This was fascinating, thanks for the article. I have visited Holmes County at least once a year for the past 15 or so years and I have never noticed the pleats on any of the women’s kapps there – guess I haven’t looked very closely. Also interesting about the ‘swoosh’ pleats on the Schwartzentruber kapps. I will definitely try to be more discerning the next time I am there. I so admire the dedication to prayer the Amish women show by wearing these coverings.
They probably look more swooshy because of the angle, but that one has the most fine creases of any of these. The Swartzentruber and Nebraska kapps seem to have a less defined shape than the others.
Holmes County Coverings
Recently went on my annual Holmes County trip. I went to several fabric stores in the area and noticed that most of the stores which sold dress fabric for the Amish also had cases with all types of coverings for sale, both Amish and Mennonite. They didn’t have strings sewn to any of them so I guess they have to do that at home. I did pay more attention this time and noticed the small pleats on some. Very interesting! I sew and quilt but I don’t think I’d be able to make the kapps, they look pretty complicated. They must go through a lot of spray starch to get them stiff enough to keep their shape. I wonder if they ever wash them or if they just buy new ones if they get dirty? They are beautifully made, and also beautiful because of what they signify.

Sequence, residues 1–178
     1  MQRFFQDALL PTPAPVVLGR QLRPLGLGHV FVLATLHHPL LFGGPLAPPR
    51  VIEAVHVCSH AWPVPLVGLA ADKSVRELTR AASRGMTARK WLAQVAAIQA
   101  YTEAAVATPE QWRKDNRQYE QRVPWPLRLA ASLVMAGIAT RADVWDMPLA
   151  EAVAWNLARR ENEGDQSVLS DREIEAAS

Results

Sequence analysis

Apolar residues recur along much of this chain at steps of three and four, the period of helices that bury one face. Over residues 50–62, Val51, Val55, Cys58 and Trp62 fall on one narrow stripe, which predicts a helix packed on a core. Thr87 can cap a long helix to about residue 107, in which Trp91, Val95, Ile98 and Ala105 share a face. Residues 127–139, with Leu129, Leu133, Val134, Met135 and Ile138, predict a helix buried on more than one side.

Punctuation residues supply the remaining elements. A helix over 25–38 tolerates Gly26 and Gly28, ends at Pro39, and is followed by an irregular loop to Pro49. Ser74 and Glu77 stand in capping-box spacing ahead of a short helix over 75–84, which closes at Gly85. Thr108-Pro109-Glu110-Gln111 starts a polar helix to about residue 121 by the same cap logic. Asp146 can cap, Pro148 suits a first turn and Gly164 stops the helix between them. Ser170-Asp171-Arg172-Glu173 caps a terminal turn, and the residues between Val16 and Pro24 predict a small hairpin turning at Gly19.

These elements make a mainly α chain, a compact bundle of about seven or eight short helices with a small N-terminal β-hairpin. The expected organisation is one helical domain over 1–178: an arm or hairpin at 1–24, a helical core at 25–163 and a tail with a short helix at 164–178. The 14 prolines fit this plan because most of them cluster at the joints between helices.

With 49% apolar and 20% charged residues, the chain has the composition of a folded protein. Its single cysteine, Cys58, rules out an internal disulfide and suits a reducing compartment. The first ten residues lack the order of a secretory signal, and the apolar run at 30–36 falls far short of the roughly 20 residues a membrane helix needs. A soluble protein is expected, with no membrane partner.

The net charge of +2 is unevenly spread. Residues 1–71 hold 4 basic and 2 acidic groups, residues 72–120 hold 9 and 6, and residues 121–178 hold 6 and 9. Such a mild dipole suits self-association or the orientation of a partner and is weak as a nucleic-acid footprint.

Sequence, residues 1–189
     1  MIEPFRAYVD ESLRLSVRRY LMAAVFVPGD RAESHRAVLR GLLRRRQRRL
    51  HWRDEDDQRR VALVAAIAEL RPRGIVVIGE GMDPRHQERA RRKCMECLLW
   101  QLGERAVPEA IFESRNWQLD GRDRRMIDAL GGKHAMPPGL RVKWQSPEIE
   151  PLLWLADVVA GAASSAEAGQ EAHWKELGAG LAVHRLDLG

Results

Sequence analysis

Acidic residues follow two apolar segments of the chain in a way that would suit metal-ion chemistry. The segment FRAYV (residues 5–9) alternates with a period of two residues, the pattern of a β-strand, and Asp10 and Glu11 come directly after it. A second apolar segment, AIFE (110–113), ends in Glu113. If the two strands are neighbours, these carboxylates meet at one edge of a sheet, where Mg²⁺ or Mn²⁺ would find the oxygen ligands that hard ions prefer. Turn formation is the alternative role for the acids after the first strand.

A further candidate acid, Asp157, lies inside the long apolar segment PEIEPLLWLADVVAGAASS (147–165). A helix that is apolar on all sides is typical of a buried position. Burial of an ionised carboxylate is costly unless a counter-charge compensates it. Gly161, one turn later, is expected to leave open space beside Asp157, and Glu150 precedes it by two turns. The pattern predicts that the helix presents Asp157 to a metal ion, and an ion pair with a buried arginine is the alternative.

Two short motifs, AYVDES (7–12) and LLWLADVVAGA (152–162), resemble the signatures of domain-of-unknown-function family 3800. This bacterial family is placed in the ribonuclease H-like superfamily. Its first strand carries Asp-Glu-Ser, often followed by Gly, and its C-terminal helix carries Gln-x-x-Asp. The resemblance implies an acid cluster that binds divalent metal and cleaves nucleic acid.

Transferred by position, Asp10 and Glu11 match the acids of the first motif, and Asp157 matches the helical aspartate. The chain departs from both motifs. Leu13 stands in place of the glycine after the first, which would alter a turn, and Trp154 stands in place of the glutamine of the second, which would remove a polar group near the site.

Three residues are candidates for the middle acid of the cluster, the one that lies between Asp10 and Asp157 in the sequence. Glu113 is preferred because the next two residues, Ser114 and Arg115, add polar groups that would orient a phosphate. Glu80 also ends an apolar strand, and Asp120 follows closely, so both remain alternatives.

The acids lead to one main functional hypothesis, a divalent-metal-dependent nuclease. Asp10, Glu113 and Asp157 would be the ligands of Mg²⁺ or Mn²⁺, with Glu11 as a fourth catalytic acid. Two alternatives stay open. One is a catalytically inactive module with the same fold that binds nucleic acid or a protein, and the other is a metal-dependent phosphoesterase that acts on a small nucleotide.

Your mention that these kapps aren’t bonnets reminds me of what I learned years ago about “bonnet novels.” These are rather formulaic romance novels involving Amish girls/women and, of course, the boys/men who take a liking to them. Very popular among Amish and, in the trade, called bonnet novels.
You’re right Boyce. This has been a booming segment of the book industry. I know it was on the upswing when Valerie Weaver-Zercher wrote her book about the phenomenon several years back. She had some stats in the book about the rising number of bonnet novels published each year. I don’t know if that rise has continued or if it has flattened out or declined, but anecdotally they still seem to keep coming out at a good pace.
Amish Head Coverings in LANCASTER County
Very interesting, and such a variety. All the Amish I know in Lancaster, PA wear the heart-shaped covering, & all the Mennonites wear the round style. I have always believed that, but anyone know for sure?
Thanks for this interesting comparison
Bob the heart-shape covering are what the Lancaster Amish and their daughter settlements wear. There are a variety of Mennonites and I am not so up to speed on their different coverings but they don’t wear the heart-shaped covering, that is specific to the Amish of that area. Glad you enjoyed it, this was a fun post to put together.
Thanks for sharing your pictures!
I never really thought too much about the different head coverings before. Actually, I really didn’t know about the Amish much at all until I found your website.
I’ve seen a group of women at an airport that I believe may have been Mennonites, but I am not sure. I didn’t want to look like I was staring, however I did see them several times when looking for my sister and I noticed that their coverings were quite small, thin, and only covered the very backs of their heads. They also had dresses and aprons that were the same style and shape as we typically see the Amish wearing, but the patterns weren’t as plain.